#103 – Don Komarechka – Infrared Photography

Infrared Photography

A topic I have wanted to cover a long time is Infrared Photography, thankfully Don was able to returned and walk us through it.

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Don Komarechka

(from Don’s website – go here for his write-up.

[person name="Don Komarechka" picture="http://www.jpeg2raw.com/wp-content/uploads/2014/02/image-300×203.png" pic_link="" title="Infrared & Macro Photographer" email="don@komarechka.com " facebook="https://www.facebook.com/komarechka" twitter="https://twitter.com/donkom" linkedin="" dribbble="" linktarget="_self"]Don Komarechka is an award-winning nature and landscape photographer located in Barrie, Ontario, Canada. Charged with emotion and beauty, Don’s photography is backed by a passion for capturing the natural world. Don’s photos convey a sense of peaceful wonder, creating curiosity and intrigue in the viewer. While much of his work is done locally, many have a national and world-wide appeal. Don has taught Nature & Landscape Photography and Macro Photography, and loves to share his passion for the visual world. “Every photo has a story – the best come from the spectacular capture of ordinary moments.”[/person]


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Don KomarechkaWebsiteFacebook TwitterFlickrGoogle+

Book – Sky Crystals: Unraveling the Mysteries of Snowflakes

Don is currently at the midpoint (52 days) of a project to photograph snowflakes.  This is the third day in a row that Don has taken a unique snowflake for 100 days in a row.

Don’s inspiration is trying something new.  We now have the topic of Infrared Photography.

  • What is Infrared Photography?

    • Near Infrared, the red spectrum that humans can see to just below what we can see.  However a camera can capture these photos through either a filter or camera modification.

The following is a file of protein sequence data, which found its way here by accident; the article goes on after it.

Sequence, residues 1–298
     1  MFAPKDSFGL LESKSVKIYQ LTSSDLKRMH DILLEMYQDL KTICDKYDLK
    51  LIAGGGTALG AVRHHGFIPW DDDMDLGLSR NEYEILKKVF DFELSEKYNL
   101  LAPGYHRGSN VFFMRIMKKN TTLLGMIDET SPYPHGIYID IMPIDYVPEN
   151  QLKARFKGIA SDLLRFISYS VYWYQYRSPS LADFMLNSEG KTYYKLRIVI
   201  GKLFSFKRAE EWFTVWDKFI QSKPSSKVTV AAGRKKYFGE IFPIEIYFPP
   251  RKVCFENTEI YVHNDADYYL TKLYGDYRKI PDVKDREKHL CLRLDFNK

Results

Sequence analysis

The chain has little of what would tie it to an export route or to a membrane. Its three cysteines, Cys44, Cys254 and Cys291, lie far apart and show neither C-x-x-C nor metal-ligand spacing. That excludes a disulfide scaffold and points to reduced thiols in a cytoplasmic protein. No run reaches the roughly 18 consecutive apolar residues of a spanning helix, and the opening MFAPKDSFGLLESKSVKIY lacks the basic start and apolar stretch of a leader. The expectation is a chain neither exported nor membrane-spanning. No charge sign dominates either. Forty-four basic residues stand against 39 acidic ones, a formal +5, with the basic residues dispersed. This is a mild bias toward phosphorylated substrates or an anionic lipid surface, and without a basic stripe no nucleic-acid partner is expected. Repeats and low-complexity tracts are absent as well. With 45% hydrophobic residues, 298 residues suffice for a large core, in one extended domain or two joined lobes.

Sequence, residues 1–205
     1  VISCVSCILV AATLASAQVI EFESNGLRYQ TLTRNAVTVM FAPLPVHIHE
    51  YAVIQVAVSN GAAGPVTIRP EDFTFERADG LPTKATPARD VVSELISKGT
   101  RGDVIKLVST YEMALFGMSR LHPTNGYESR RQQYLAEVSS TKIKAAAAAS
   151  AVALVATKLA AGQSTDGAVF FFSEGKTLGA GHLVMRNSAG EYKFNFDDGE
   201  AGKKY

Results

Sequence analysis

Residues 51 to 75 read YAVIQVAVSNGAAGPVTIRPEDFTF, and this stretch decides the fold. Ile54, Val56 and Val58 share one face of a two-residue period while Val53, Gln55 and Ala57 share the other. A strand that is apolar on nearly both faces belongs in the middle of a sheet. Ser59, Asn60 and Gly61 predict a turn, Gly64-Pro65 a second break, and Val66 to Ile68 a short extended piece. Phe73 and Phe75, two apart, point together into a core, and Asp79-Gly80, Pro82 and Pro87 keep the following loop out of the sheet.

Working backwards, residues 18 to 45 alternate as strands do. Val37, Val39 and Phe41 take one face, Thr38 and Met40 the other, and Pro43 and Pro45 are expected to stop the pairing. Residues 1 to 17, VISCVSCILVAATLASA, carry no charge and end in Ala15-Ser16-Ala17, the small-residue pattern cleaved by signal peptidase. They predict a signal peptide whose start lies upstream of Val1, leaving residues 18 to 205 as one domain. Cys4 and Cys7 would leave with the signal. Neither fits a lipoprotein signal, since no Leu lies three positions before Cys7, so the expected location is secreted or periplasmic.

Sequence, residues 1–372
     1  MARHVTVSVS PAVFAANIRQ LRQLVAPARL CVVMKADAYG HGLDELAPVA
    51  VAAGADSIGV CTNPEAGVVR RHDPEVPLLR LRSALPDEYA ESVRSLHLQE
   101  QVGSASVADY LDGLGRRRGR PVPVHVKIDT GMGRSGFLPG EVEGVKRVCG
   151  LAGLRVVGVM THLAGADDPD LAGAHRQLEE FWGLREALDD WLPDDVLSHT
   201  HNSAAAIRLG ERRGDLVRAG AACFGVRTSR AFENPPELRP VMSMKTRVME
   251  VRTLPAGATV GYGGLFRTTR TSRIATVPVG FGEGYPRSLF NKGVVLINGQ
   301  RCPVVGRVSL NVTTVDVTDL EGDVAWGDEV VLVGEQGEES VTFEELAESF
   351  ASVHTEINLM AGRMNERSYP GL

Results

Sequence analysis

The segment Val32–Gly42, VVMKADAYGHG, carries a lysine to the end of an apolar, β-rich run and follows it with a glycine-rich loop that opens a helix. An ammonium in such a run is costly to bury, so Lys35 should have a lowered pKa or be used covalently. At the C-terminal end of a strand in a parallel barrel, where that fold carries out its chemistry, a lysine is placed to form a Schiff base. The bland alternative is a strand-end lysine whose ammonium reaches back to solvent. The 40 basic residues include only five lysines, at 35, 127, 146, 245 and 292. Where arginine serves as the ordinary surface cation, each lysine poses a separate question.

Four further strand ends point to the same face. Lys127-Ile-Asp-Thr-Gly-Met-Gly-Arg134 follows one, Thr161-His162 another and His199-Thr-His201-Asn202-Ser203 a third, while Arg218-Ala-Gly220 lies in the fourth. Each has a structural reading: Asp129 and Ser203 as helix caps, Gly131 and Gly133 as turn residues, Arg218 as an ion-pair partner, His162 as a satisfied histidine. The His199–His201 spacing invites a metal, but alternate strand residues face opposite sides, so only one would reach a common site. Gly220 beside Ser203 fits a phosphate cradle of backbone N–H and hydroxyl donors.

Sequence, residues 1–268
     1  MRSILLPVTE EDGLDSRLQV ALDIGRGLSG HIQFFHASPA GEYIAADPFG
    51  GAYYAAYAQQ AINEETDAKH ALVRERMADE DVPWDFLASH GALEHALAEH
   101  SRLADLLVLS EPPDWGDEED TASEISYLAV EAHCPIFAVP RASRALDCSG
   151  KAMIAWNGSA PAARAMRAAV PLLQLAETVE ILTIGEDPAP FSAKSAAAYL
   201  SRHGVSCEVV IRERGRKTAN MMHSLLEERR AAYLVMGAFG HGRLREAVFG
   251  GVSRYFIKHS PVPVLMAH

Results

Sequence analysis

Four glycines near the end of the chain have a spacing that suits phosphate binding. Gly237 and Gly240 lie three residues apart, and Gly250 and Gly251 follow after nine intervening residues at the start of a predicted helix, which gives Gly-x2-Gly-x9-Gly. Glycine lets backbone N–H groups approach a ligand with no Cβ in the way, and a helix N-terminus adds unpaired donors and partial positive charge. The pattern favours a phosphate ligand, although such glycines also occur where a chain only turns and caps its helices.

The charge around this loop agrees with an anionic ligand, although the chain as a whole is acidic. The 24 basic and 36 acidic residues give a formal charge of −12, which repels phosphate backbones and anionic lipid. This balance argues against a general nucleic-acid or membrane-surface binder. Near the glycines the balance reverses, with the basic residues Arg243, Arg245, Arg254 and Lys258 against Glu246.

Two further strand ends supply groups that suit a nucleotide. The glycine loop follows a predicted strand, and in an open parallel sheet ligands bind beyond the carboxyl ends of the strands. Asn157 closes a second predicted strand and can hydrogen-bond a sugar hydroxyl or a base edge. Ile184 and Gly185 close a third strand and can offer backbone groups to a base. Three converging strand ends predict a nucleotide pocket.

• Do I need to convert my camera? or use a filter?

    • Camera manufactures place a special filter in front of the sensor to block infrared rays.  You can place a filter in front of the lens to allow infrared light in, however, you will probably take 30+ second exposures.  You will not be able to see through the viewfinder.  You need to use a tripod, compose the shot and then place the filter in front of the lens to get a shot. 

  • When is the best time of the day to shoot IR?

    • When the sun is up high with few clouds

  • How do you set up the white balance?

    • Automatic WB will make the shot look red.  To see the WB point at  a patch of grass to set the Custom WB.  This will show a more accurate rendition of the scene for infrared,

  • Can all cameras capture IR with a filter or be converted?

    • Best cameras are dSLR with Live View.  Using a company such as Life Pixel – will remove filter from the front of the sensor and place a infrared filter.

    • Filter choices – Standard / Enhanced.

  • ho do you recommend for the conversion? – Life Pixel

  • How do you edit IR images?

    • Lightroom – not very effective for infrared photography.  Color Temperature hardwired to only go to 2000 Kelvin

      • Utilize calibration – Red / Green / Blue

      • Utilize DNG Profile editor – you can go to negative 100

    • Utilize Photoshop to swap photo channel to create blue skies

  • IR has the ability to cut through haze and display the sky in much more detail than a normal image.

    • Infrared behaves very different than what we are used to

  • Are there different types of IR filters or conversions?

  • Any challenges using a IR filter?

    • Focus

    • Exposure





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Images displayed during the show:

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Don Komarechka


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About geephotant

geephotant (Geek-Photographer-Accountant) (aka. Mike Howard) is the creator of Nov Studios and the jpeg2RAW podcast. Mike is an accountant by day as the Controller for a large US based corporation. By night, he is a geek and has appeared on the Home Server Show Podcast & the BYOB podcast ( both found at www.homeservershow.com). He has also appeared on the Home Tech Show podcast (www.theaverageguytv.com) and is now a regular guest on that show. Mike's true passion is photography and shoots when ever he can find time. As an amateur photographer, he is always looking to learn more about the craft.

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